What It Is
Apple iPhone 5
What It Does
The latest revamp to the revolutionary smartphone line adds a sleek redesign, more speed, and some killer features.
Where to Buy It
What It Costs
$199 (16GB), $299 (32GB), $399 (64GB), not including AT&T, Sprint, or Verizon service plan.
When you’re shopping for a smartphone, you know what you need: something to help you organize and streamline your days. Managing your life and career can be a challenge in any event, so your phone shouldn’t make it more difficult. But what do you want? Lots of features? Astounding speed? Looks that announce status, efficiency, and taste? You can get some of these qualities from other phones, but for the shiniest combination of them all, you know you should start (and probably end) by looking at Apple.
So let’s just say it: The iPhone 5 is the best iPhone ever. Yes, that’s a resounding refrain every release cycle, but this time around Apple has really gone above and beyond. It’s already incredibly popular, and wait times are averaging around a month at the moment, but is it worth the wait? Oh yes.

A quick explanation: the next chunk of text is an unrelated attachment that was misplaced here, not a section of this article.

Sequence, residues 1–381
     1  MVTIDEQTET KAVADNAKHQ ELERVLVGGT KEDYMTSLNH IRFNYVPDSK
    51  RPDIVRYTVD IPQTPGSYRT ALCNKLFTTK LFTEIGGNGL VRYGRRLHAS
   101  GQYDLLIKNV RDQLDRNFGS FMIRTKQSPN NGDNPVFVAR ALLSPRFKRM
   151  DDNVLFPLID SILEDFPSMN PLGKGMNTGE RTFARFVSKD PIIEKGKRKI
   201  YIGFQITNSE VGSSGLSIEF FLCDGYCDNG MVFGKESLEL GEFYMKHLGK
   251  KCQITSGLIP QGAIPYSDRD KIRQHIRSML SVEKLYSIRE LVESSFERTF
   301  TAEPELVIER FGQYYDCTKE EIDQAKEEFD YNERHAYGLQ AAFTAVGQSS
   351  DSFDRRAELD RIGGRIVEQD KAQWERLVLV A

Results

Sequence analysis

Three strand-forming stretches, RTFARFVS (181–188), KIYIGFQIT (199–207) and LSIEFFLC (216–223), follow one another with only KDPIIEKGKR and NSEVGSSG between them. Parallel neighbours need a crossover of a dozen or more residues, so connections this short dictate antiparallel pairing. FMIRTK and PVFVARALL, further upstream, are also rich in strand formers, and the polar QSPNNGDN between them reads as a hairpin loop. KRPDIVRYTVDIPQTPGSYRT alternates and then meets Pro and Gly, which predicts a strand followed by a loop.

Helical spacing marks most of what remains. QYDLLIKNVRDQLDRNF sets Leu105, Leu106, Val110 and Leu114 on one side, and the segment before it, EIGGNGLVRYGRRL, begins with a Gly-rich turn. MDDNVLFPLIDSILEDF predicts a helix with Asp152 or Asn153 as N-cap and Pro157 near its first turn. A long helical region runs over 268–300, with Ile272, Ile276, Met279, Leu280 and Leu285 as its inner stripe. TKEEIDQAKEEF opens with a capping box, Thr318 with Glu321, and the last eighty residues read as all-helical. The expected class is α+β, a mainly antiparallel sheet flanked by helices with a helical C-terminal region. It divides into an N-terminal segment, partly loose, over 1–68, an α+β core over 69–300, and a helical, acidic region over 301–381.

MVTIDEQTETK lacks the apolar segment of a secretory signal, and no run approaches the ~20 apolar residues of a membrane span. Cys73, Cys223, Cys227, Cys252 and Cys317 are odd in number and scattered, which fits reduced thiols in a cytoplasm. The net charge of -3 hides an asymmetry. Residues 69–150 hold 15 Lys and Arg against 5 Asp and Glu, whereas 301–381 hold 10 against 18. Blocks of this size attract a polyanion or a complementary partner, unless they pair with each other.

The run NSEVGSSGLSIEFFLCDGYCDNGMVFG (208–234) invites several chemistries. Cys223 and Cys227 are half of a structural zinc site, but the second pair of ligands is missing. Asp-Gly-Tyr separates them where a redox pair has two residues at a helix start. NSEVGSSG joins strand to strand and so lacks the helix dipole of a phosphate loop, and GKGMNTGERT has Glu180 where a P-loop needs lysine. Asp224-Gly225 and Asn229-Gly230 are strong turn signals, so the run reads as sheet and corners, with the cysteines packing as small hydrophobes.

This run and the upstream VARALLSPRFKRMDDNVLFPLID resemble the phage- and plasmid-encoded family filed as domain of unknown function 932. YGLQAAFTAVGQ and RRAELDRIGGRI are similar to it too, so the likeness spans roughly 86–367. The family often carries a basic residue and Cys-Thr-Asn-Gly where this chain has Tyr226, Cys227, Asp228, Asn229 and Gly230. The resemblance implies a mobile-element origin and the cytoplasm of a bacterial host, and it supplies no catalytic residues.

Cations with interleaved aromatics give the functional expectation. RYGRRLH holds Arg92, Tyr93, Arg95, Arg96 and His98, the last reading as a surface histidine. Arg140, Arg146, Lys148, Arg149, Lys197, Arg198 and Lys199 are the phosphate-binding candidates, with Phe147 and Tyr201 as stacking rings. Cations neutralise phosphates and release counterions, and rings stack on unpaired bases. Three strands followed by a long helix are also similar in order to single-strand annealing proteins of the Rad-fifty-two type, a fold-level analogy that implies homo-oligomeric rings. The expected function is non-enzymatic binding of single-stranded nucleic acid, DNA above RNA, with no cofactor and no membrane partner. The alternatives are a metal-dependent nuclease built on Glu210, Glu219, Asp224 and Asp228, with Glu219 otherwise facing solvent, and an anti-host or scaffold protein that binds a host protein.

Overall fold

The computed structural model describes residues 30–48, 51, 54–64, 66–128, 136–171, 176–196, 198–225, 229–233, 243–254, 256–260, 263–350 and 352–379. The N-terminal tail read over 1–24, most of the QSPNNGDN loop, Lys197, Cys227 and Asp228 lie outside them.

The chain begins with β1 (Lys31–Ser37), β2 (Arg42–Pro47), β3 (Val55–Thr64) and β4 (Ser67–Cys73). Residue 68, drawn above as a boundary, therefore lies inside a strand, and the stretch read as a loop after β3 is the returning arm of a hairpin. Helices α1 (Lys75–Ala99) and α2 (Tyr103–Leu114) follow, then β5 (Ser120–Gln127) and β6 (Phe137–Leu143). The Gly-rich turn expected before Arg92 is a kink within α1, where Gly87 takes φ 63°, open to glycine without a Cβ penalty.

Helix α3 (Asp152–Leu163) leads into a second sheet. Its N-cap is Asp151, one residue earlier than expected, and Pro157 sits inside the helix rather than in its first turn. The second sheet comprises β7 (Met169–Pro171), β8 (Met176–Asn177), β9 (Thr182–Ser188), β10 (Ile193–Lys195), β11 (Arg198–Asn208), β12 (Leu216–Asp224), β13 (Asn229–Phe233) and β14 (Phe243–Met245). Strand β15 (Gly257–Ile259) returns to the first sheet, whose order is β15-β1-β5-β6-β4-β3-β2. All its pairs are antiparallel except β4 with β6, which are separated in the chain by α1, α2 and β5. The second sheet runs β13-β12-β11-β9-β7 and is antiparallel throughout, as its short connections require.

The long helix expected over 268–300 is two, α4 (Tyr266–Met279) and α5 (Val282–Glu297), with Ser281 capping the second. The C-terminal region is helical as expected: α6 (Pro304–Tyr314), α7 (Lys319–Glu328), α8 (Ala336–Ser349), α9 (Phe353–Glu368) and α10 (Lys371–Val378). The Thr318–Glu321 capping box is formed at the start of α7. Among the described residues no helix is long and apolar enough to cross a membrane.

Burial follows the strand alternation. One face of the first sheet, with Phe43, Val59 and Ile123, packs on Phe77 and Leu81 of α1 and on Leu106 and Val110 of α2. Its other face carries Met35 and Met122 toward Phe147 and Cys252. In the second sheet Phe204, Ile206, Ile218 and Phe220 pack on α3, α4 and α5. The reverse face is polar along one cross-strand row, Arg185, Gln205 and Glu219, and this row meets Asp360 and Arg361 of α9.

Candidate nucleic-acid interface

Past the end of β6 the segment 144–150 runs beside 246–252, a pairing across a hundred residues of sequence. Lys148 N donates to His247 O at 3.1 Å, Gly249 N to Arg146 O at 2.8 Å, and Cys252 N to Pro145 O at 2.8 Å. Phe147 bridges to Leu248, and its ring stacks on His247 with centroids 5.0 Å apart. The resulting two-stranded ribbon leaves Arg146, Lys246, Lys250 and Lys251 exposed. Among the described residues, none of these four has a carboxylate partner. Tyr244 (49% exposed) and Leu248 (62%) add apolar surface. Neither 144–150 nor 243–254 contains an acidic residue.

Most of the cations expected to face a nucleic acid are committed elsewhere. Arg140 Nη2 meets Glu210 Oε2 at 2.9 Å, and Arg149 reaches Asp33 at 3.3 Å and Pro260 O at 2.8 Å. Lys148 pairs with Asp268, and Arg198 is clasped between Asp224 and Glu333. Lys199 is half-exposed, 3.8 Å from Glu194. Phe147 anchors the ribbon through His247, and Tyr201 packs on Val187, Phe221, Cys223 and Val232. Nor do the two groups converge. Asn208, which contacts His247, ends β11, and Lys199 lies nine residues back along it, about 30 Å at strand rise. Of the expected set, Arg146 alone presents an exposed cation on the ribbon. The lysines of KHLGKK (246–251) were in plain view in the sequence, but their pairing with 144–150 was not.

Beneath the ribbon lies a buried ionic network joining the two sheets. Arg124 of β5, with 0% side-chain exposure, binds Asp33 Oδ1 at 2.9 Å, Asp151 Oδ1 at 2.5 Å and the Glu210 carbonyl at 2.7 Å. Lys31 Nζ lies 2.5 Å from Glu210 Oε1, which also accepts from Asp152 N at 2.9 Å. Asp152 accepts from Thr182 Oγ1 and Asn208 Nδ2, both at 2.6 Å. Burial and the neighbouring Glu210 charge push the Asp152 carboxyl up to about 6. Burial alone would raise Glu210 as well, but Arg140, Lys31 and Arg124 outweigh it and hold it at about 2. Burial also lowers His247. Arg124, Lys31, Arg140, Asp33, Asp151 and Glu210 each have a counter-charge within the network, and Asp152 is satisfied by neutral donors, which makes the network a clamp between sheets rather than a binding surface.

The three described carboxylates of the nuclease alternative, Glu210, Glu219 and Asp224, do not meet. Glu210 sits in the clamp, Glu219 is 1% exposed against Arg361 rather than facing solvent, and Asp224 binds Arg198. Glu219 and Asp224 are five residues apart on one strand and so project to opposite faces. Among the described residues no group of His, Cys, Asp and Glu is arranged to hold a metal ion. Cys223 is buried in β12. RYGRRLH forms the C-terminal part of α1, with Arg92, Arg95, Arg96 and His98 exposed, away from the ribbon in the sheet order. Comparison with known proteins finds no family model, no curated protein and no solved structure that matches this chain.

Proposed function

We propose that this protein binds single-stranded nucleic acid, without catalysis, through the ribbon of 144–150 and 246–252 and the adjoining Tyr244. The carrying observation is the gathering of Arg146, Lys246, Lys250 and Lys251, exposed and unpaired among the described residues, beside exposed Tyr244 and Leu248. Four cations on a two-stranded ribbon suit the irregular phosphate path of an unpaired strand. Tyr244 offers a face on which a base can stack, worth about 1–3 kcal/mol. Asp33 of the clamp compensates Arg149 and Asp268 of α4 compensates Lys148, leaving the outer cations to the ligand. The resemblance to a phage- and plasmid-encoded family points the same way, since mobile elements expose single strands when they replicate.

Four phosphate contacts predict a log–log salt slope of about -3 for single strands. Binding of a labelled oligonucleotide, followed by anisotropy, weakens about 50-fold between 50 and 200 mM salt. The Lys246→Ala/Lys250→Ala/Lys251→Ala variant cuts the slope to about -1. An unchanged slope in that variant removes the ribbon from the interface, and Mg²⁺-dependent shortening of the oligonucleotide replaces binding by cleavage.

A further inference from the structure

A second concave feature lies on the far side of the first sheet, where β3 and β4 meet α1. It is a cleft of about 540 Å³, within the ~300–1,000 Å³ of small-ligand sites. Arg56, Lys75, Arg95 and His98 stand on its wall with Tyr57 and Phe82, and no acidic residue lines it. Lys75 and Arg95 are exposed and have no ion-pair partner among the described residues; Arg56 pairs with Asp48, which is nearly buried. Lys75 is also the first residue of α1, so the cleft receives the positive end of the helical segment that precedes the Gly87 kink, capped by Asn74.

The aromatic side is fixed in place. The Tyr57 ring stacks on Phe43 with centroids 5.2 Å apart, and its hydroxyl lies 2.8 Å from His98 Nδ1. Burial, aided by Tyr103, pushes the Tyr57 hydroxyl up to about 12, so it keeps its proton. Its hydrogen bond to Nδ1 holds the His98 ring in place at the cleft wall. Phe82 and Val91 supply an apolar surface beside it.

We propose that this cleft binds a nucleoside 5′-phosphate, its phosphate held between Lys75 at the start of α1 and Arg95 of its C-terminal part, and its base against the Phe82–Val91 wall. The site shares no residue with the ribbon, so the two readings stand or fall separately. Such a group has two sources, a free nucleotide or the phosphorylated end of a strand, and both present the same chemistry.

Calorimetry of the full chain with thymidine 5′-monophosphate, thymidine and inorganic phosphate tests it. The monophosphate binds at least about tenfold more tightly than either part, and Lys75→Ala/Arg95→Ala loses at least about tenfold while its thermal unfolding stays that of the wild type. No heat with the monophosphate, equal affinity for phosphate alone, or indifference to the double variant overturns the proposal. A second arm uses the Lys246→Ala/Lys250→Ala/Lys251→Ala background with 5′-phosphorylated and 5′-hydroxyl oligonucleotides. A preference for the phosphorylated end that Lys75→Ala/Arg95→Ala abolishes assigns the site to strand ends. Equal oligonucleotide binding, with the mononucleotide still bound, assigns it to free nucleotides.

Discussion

From the first instant you see it, you know the iPhone 5 is different. It screams “sleek” with a nearly unibody design (in either black and slate or white and silver) that, despite being longer (nearly five inches) and displaying a larger and higher-resolution 4-inch screen than its predecessor, measures a mere 0.3 inch thick and weighs an almost unnoticeable four ounces. You won’t be weighed down as you see and do more.
And you’ll do everything faster. Support for 5GHz Wi-Fi and 4G LTE (on applicable carriers) means you’ll move data lickety-split where you are. But the iPhone 5 is also loaded with a new, custom-designed A6 processor that results in blistering app performance—about twice that of the iPhone 4S. A decent speaker (and the excellent new EarPod earbuds) and fine front- and rear-facing cameras are the whipped cream. The fact that, despite all this, you can get a full day of use out of a single battery charge is the cherry on the top.
No, the iPhone 5 isn’t perfect. You’ve undoubtedly heard of the navigation problems cropping up with the new default iOS 6 Maps app, and of the new Lightning connector that maintains compatibility with older devices only via a $30 adapter. Few apps currently take advantage of the expanded screen. And although the iPhone 5 represents a general improvement in voice quality is improved, it’s still not the absolute best phone you can buy for simple talking.
Ultimately, however, these are minor inconveniences that aren’t likely to have much of an impact on what you get out of the iPhone 5: a terrific handheld experience that eclipses what most smartphones deliver. You can find phones that are better in most of the individual areas, but no other phone currently on the market offers the same alluring, complete package the iPhone does.